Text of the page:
are getting that item versus a newer version. But it’s just a different mindset. And I think sometimes, especially younger consumers who are just starting out in buying secondhand, thrifting online or in real life, it takes time to understand that nuance and to also appreciate that there is a skill involved in thrifting. And that it takes time and effort to build up that eye to spot the quote, good stuff at the store. And this is where I think the debate around resellers taking all the cute stuff, all the good stuff from the thrift store is so unhinged to be honest, because you can walk into pretty much any thrift store in the country and find something similar enough to what you’re looking for. It might not be the exact same thing. It might not be the exact brand or style exactly that you’re looking for, but that is not what thrifting is. Like you do not go in. spearfishing, as we discussed. Like you go in with a treasure hunting mindset and find something that aligns generally with your style, with your price point, with your sizing. It’s a very different model than retail, which is why I think a lot of people get super frustrated and defensive because they expect it to be the same experience when it’s like, it just cannot be.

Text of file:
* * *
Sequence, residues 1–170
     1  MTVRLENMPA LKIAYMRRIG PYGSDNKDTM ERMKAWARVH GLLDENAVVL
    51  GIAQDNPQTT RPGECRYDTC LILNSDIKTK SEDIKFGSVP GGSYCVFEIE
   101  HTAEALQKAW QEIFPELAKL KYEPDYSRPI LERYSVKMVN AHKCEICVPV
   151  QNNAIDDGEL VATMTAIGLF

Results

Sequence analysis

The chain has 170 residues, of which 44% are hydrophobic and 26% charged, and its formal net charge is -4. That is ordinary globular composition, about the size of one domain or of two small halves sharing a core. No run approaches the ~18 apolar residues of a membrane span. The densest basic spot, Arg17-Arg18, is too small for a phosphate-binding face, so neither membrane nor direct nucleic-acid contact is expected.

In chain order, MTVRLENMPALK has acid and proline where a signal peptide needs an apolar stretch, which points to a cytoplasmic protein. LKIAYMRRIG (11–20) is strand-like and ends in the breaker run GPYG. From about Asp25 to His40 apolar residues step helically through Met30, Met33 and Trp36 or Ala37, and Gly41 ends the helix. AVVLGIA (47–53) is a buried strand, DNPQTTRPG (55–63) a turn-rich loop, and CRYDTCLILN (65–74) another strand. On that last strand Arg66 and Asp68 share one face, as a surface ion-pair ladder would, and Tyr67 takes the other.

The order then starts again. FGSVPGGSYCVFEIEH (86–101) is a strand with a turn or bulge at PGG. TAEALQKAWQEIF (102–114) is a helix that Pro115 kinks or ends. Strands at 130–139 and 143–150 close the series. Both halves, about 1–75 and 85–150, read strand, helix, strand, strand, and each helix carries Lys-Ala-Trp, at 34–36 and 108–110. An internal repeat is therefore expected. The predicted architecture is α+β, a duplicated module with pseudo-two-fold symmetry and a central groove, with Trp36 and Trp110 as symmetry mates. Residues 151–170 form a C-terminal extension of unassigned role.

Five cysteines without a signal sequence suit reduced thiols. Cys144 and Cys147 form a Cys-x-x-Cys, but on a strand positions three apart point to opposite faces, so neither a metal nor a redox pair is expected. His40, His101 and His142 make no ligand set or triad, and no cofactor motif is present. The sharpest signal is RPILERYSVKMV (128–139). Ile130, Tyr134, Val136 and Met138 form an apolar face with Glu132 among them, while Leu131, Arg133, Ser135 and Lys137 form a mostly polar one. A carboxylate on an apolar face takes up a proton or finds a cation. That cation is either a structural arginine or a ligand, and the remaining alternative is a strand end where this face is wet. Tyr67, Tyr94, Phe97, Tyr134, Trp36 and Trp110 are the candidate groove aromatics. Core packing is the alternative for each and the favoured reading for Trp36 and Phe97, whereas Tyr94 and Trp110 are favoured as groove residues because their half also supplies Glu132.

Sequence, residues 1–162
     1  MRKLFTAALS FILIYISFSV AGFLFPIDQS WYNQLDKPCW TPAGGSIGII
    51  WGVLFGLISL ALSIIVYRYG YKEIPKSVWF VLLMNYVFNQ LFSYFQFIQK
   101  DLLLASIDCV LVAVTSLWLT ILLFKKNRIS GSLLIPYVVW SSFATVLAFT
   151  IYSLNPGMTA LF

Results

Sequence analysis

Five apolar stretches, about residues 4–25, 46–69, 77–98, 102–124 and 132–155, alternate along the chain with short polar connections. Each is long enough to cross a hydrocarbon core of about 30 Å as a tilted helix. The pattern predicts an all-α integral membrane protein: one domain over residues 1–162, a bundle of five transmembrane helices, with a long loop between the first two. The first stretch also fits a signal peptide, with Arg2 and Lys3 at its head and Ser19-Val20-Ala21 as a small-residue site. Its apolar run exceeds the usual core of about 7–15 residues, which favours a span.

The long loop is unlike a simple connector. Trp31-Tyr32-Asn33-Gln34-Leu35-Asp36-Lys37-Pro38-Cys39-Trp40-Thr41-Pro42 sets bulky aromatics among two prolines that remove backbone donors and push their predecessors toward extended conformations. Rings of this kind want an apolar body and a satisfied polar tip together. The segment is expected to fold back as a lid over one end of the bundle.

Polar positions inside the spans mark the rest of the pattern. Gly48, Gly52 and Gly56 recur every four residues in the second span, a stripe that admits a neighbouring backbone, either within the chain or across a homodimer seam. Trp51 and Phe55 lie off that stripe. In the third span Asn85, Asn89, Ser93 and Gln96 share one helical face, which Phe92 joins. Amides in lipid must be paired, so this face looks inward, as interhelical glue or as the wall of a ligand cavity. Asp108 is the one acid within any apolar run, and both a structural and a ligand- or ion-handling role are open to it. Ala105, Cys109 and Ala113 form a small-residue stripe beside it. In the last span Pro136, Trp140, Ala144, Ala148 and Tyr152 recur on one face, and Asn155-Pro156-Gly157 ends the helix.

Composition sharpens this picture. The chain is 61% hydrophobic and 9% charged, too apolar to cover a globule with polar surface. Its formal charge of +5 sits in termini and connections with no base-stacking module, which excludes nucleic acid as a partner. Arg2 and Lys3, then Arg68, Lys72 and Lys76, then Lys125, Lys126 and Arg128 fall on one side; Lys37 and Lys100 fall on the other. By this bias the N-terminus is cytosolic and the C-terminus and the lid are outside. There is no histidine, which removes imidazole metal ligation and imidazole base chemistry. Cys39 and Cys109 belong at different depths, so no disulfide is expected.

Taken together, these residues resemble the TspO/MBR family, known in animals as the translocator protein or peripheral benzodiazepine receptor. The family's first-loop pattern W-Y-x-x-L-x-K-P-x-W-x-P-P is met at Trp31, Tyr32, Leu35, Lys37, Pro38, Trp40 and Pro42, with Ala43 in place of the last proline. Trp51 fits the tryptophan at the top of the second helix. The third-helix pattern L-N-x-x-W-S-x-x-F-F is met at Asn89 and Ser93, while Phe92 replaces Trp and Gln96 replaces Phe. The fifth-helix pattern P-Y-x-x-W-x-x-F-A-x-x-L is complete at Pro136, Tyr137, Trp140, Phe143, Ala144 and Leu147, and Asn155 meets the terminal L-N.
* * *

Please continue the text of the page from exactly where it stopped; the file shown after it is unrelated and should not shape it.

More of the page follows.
Yeah, absolutely. It’s totally different. And that makes it not for everyone because it’s not like you go pull up to the goodwill and you know exactly what you need and you walk in and it’s there and then you leave, right? It’s not like going to Target. And I think that for many people that it can be very frustrating. And I do think a lot of this rhetoric around, oh, resellers are taking all the good stuff, is that is based on frustration. I think that’s where a lot of that emerges.